Whitney rushed Addison to the emergency department. After bloodwork and multiple tests, an eye doctor came into the room and told Whitney it looked like Addison had multiple sclerosis, a disease that develops when the body’s immune system eats away at the protective covering of the nerves. At the time, Addison couldn’t see at all, and the doctor told Whitney she’d never recover her vision. 

“She was completely healthy when I sent her to school that morning, and then, suddenly, she’s 100% blind,” Whitney said. “It was terrifying. I was completely distraught.”

Addison was prescribed medication to reduce the effects of inflammation. Different specialists kept coming in and out of the room, however, throwing out different diagnostic possibilities but never coming to a consensus on a treatment plan, Whitney said. 

At one point, a neurologist came into Addison’s room and told Whitney that she and the other specialists couldn’t agree on how to move forward. She said one doctor thought Addison needed a plasma exchange therapy, called plasmapheresis, to further reduce her inflammation. The neurologist, on the other hand, thought Addison should go home first to see if she improved.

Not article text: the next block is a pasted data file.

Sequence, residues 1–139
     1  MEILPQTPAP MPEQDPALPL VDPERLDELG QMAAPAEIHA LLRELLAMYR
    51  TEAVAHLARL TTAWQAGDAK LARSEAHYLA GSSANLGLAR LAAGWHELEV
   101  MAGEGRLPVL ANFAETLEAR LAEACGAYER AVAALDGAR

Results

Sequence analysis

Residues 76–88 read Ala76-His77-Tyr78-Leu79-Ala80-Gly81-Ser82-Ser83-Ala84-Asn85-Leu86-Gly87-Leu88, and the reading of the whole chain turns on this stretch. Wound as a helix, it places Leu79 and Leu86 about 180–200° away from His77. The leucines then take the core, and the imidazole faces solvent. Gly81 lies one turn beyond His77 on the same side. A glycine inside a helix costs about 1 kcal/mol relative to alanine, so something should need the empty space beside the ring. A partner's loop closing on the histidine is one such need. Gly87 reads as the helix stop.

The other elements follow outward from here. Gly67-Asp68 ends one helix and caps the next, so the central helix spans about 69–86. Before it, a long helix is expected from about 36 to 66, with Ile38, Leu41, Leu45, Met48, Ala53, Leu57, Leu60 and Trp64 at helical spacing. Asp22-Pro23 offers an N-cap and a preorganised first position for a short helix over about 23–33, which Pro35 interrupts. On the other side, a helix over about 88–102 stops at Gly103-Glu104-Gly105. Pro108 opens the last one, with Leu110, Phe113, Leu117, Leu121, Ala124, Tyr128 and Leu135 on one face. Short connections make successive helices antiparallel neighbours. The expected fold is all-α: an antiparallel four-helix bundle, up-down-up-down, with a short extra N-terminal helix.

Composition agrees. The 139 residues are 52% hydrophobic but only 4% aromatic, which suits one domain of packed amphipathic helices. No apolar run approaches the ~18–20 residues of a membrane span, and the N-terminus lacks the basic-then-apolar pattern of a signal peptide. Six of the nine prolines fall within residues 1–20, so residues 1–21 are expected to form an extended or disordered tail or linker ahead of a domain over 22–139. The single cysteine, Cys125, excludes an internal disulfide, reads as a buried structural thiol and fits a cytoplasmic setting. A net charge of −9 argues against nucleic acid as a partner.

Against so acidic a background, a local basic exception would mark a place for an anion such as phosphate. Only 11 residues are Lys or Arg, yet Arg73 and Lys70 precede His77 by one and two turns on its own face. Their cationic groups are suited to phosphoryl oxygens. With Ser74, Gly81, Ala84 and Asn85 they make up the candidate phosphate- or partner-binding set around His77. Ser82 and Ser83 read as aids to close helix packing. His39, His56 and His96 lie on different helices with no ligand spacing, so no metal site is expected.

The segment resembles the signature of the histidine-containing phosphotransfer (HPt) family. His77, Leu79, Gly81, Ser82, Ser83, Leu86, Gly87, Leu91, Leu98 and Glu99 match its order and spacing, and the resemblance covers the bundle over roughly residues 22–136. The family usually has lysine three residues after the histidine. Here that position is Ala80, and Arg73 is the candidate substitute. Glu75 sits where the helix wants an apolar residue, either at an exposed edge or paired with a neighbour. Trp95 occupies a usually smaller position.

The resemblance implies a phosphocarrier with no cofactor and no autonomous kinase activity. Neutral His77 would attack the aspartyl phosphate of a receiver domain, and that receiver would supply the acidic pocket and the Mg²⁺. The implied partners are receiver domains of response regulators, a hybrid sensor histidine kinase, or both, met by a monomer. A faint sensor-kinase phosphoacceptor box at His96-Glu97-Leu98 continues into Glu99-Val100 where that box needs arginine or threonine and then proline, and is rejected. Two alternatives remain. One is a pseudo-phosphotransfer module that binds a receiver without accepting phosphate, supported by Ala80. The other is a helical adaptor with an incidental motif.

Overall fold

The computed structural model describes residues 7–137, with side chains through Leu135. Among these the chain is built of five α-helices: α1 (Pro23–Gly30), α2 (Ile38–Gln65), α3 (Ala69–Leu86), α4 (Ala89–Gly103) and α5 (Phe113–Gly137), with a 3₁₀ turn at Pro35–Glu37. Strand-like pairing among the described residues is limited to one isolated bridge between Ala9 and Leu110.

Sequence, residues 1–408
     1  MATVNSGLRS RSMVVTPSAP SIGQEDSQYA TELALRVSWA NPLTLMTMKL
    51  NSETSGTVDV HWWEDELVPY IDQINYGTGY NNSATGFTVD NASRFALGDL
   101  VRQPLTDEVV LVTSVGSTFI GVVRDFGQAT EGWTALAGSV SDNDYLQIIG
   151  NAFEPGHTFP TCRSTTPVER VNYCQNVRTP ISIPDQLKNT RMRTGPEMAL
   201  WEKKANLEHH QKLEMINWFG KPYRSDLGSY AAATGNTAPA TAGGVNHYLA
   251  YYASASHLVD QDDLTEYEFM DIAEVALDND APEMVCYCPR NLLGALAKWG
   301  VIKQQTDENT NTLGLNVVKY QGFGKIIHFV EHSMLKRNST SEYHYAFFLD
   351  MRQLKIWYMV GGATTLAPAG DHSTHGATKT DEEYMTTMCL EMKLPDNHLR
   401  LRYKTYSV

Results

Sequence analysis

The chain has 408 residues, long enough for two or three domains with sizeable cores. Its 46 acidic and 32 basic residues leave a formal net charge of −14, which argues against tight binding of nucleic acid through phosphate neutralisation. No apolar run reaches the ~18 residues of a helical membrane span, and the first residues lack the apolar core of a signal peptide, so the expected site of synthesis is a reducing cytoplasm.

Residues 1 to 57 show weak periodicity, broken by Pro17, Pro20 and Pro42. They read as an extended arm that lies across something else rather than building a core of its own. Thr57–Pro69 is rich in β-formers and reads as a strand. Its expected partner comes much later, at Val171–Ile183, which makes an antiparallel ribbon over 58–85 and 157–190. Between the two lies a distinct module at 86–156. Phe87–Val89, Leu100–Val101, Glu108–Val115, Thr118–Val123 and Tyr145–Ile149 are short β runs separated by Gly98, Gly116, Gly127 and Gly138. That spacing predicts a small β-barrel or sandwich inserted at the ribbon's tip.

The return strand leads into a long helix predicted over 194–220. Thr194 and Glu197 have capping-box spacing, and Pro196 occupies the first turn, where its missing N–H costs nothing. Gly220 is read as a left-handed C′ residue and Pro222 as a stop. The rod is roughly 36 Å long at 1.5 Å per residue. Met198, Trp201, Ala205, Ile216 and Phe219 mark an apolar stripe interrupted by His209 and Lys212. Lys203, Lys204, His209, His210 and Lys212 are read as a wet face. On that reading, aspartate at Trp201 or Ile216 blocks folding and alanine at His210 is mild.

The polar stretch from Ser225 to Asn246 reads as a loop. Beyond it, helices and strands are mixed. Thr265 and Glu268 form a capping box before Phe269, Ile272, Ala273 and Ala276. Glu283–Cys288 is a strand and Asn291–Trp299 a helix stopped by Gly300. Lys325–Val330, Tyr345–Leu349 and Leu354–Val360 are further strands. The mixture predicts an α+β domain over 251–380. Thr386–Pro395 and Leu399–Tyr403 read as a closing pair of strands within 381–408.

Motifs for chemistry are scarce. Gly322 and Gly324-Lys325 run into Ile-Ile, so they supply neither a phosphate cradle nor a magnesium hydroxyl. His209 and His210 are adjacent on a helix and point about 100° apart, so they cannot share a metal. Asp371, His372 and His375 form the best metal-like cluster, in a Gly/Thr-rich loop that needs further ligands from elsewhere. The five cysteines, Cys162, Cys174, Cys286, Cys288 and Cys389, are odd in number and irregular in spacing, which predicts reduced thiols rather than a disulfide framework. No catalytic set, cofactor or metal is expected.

“I said, ‘I’m glad I don’t have to make that decision,’” Whitney said. “The neurologist replied, ‘That’s why I’m here. You do have to make that decision.’”

That’s when Whitney knew she needed a second opinion and made an appointment at Cincinnati Children’s.

A Path Forward for Addison

Talking with a pediatric specialist in neuroimmunology at Cincinnati Children’s was the first time Whitney felt completely heard about her daughter’s condition.

“I got a ton of information,” she said. “The doctor listened. She made me feel like someone truly cared and was invested in Addison.”

Soon, Addison had a team of specialists dedicated to her care, including a pediatric neuroimmunologist, a neuro-ophthalmologist and a rheumatologist.